Translated by Gitta Honegger
Directed by Tea Alagic
Starring Tina Benko
Reviewed by David Roberts, Theatre Reviews Limited
Men (the male of the species, not the generic ‘humankind’) are often (always?) quite a burden to carry when they are among the living. Post mortem, these same men are often (in perpetuity?) even more of a burden to carry – for the living who remember them and for the dead who must share either Paradisio or Inferno with them. The burden of Jack, Bobby, and Ari – their weight, their load – was difficult for Jacqueline Bouvier-Kennedy Onassis while they all shared the mortal frame. That load remained heavy after all shared their disparate journeys through the morgue. The Women’s Project Theater production of Elfriede Jelinek’s “Jackie,” currently playing at New York City Center Stage II, is the story of the burden placed upon the former First Lady by these men (and some women) and the burden she accepted from them – willingly and otherwise.
Dragging the corpses of Jack, Bobby, Ari, and other smaller dead ones behind her and depositing them downstage left, Jackie (Tina Benko) in her non-corporeal state reveals sides of her rarely visited by her living and not-so-living admirers and detractors. Ms. Benko embodies the spirit of Jackie so completely the audience, sitting spellbound, often wonders whether it might just be watching a hologram of Ms. Kennedy-Onassis that she created to be observed sometime after her death. The actor’s performance is so convincing that the confines of space and time dissolve and the audience enters Jackie’s world of fame, fashion, fear, flight, and fantasy.
Even in death and life beyond death, Jackie cannot simply “brush off” the burden of her public and private life with Jack Kennedy and all that his life and his untimely death demanded of her. Ms. Jelinek’s extended prose poem as translated by Gitta Honegger demands performance as spoken word and Ms. Benko delivers that poetic powerhouse with passion and heartfelt compassion for the woman whose story she portrays in eighty minutes of electrifying and sometimes brilliantly disturbing drama. The audience will rarely again hear a more visual play.
In some deep place beneath the layers of the fame the public demanded of Jackie, the fashion icon she became for them, the fear she experienced in the role of First Lady, the flight she sought from the pain of Jack’s infidelity with Marilyn (and others), and the fantasy world of the Kennedy family – in some deep place beneath all that load there is a reality called ‘Jackie’ that Ms. Jelinek’s play seeks to resurrect. Jackie says, “I locked everything up in my clothes, myself included. I am and I am not. I am also a sort of vampire. I am dead, but I won’t die.”
Jackie’s story counterpoints with Marilyn’s story as told by Jackie. “[Marilyn] is decay, for she is flesh. And even though this flesh consists of light – decay she must.” Like Gertrude, Jackie doth protest too much about Marilyn it seems. She has neither put Marilyn behind her nor forgotten what Marilyn did in life and apparently continues to do in death. Jelinek’s script abounds with stories of Marilyn, stories of Jack’s death, stories of miscarriages, and drugs, and pain, and image. What makes “Jackie” so compelling is its image of Jackie Kennedy as somehow an unfinished, not completely renovated human being. Unlike the public image of the woman in control, the audience here sees a Jackie not of boldness, not a Lady of Miracles, but a flesh and blood woman who has come to terms with her profound understanding that there is “no blessed virgin here to help.” Indeed, Jackie admits, “There is something that doesn’t go away and I don’t know what it is. Somehow it irritates me like a splinter under the skin, under my striped beach sweater. But once again, it doesn’t do any good. It really hurts to express an emotion for everyone to see it. Believe me.”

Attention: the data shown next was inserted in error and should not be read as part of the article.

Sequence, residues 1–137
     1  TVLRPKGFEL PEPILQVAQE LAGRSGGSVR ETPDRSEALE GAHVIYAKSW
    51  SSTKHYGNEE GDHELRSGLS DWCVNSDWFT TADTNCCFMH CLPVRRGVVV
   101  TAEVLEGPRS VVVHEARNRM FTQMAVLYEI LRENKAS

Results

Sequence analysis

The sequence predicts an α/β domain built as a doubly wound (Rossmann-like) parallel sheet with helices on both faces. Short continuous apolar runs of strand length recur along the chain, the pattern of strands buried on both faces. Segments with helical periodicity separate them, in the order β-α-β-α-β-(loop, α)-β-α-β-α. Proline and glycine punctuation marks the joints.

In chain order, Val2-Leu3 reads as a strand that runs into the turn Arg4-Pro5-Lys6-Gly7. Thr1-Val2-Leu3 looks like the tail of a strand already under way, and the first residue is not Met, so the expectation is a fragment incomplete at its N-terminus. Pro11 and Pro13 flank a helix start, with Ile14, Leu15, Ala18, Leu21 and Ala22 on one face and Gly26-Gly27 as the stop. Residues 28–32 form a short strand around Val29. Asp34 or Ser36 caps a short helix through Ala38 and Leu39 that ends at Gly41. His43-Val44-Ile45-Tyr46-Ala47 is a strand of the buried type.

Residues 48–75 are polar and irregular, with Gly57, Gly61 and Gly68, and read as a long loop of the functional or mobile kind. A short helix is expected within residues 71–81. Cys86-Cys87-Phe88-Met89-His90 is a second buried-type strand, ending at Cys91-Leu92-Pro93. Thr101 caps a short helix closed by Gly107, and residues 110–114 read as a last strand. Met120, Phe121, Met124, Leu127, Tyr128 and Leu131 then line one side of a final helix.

The audience sees that hurt in Tina Benko’s gripping performance – a hurt that never seems to go away in life, or in death, or in life beyond death. Jackie’s hurt becomes universal, as universal as her story, as universal as death itself. At the end of the play, Jackie wraps herself in a bit of the same duct tape which wraps the dead ones on the stage. She lies down with them saying, “I wave my hand in front of my face: Hello, anybody home? But I only look at myself. Why shouldn’t I look at myself? That’s what everyone else does. No. No one home. Not even my hair. Heavens, will you look at that! Not even my hair is home. Completely uninhabitable! Once again I am in the middle of renovating. I already picked the drapes. They are so great, no one will ask about my hair. Yes, that’s how we do it. No question.”
And there is no question that seeing “Jackie” will change not only one’s understanding of who Jackie Kennedy was (and is) but also one’s understanding of life itself.